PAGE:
What we know about EVgo’s IPO plans
- EVgo is a maker of electric vehicle charging stations.
- EVgo will become a public company as part of a SPAC deal.
- The company expects to increase its charging stations from around 1,400 today to 16,000 by 2027.
EVgo is one of the largest charging networks for electric vehicles in the U.S. and announced late last week an initial public offering through a special purpose acquisition company, or SPAC.
EVgo was founded in 2010 and today operates more than 1,400 charging stations in 67 cities across 34 states. The company increased its customer count from around 40,000 more than a year ago to more than 220,000 today.
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Most notably, EVgo has a contract with automaker giant GM to add more than 2,700 new fast chargers through 2025.
EVgo will merge with Climate Change Crisis Real Impact 1 Acquisition Corporation (NYSE: CLII), a SPAC company that already trades on the stock market. As part of the deal, EVgo will raise around $575 million and will use the new cash to pursue its existing growth strategy, including building its charging network and establishing itself as a global leader.
SPAC deals have become more common as of late. Here is an Invezz report of a similar SPAC deal from January 2020.
CEO Zoi: 2027 outlook
The electric vehicle market is growing so quickly and EVgo considers itself to be a “central part of that equation,” EVgo CEO Cathy Zoi said Friday on CNBC’s “Squawk Box.” The company boasts the largest number of fast-charging stations in the U.S but its network today is not enough today to address the growing demand.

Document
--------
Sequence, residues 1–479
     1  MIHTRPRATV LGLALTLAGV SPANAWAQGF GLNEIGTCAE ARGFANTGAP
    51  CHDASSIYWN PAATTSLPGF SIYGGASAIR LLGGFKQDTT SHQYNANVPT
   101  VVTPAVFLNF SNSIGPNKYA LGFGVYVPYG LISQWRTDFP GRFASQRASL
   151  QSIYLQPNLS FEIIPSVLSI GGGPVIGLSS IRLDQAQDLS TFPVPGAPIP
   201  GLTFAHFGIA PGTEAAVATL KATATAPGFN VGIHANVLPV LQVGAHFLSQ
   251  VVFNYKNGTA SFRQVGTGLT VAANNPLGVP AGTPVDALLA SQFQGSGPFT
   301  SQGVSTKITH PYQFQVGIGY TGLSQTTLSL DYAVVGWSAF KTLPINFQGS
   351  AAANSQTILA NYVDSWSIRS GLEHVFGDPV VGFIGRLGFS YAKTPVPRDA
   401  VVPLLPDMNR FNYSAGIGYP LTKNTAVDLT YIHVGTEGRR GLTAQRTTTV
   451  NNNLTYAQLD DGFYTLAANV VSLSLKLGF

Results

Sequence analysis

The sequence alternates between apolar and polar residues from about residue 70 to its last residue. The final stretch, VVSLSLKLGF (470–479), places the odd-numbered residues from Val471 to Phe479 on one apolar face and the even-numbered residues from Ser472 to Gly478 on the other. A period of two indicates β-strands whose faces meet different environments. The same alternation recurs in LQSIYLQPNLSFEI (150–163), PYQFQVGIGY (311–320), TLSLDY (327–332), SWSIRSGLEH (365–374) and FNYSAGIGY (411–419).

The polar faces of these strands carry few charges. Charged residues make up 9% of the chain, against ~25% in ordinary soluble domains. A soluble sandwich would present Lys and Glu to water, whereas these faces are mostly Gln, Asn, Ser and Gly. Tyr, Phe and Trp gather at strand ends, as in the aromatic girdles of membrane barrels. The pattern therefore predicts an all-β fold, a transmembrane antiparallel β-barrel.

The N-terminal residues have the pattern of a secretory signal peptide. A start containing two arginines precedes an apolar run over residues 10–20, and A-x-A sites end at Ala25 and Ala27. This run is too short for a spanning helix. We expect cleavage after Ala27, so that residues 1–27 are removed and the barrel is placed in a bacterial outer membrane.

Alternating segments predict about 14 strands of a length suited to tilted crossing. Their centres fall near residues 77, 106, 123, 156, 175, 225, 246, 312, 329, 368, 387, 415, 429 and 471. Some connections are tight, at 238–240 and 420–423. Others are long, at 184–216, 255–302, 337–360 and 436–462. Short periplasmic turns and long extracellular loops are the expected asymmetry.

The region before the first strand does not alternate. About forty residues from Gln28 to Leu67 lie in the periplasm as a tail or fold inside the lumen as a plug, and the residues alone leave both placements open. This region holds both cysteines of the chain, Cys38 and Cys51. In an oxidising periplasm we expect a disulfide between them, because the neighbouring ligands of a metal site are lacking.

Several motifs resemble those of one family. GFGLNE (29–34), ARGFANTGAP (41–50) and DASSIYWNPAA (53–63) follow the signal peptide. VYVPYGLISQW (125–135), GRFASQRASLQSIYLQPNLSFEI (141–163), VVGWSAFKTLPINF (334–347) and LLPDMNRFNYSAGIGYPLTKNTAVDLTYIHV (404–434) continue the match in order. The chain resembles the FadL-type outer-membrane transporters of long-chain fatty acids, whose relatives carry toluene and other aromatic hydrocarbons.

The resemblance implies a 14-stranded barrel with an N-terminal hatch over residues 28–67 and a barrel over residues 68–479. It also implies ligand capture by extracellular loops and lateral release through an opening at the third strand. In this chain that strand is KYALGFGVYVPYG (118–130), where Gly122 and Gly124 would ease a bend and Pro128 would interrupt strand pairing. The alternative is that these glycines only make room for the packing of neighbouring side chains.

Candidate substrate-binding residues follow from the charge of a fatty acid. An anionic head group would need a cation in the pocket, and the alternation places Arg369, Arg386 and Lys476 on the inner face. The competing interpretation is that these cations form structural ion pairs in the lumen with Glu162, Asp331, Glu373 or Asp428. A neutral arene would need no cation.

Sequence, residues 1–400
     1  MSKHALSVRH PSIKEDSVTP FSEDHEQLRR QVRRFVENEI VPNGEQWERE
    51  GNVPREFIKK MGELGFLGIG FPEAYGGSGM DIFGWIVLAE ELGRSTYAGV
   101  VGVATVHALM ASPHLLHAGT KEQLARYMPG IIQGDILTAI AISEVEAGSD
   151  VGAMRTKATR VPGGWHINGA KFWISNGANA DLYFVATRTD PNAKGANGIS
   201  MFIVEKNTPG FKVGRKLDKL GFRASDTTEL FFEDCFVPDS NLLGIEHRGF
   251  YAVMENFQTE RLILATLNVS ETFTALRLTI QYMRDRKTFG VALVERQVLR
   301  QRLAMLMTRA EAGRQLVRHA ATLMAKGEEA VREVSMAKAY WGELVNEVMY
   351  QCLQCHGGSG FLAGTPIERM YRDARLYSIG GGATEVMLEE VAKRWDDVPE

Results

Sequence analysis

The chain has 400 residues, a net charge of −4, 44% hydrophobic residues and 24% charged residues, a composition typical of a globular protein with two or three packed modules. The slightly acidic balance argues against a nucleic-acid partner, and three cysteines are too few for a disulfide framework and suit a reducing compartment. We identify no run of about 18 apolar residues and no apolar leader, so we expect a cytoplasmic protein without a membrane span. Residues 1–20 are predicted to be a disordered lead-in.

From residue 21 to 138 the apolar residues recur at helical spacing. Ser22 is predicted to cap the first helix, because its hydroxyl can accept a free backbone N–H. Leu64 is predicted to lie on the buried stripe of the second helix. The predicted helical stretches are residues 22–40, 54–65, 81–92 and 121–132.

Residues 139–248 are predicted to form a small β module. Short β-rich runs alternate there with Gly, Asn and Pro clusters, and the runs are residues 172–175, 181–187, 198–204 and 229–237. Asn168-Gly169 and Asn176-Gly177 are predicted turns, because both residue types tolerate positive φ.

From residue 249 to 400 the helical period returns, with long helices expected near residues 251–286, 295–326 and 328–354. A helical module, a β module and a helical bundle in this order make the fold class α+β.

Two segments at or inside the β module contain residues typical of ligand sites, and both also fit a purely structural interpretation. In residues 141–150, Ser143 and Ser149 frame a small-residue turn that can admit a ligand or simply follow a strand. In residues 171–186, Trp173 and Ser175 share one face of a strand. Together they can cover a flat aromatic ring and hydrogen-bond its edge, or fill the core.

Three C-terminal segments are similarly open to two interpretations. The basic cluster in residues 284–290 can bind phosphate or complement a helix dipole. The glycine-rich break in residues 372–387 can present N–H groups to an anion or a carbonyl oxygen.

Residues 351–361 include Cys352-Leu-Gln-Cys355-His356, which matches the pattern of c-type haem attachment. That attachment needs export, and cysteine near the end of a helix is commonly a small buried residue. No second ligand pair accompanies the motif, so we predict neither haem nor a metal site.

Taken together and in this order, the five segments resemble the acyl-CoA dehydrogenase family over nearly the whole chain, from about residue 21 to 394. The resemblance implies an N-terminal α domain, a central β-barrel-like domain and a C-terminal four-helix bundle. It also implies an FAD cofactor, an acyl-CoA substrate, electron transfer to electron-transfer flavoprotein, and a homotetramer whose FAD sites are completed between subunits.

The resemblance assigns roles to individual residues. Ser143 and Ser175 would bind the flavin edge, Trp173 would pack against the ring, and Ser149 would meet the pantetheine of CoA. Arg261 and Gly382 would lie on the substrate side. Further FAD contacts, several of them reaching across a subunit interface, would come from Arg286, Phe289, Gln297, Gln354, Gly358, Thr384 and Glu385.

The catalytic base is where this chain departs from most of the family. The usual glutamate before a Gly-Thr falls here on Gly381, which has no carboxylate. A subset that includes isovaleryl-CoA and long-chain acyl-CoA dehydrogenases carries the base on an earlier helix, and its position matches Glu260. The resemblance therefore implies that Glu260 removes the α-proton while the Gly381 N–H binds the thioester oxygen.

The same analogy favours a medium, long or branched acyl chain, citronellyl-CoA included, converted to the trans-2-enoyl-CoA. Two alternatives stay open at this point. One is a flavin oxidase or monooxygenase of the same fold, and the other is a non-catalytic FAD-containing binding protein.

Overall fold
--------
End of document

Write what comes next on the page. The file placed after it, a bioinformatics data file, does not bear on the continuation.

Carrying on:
As a public company, EVgo expects to operate around 16,000 stations by 2027, the CEO said.
Favorable political environment
The auto sector is a very important component of the U.S. economy while the global auto market continues to transition towards cleaner and greener technology. Having worked with President Joe Biden when he was acting as Vice President under Barack Obama, it is evident to Zoi that Biden fully understands the importance of the sector.
Biden will likely help spur the industry to create an environment where everyone has reliable and convenient access to chargers, the CEO said.
Consumers need to see chargers
One of the biggest hindrances impacting the electric vehicle revolution is access to charging stations. People “need to see” there are many chargers where they need to be to eliminate what’s known as range anxiety — a fear that a battery won’t last long enough to reach a destination.
EVgo not only addresses consumer concerns with its products, but it is strategically positioned to allow consumers to plug in their car and then “do what else you were going to do anyway,” she said.
Most notably, EVgo charging spaces are located in grocery store parking lots so the car’s battery charges while consumers are buying their groceries.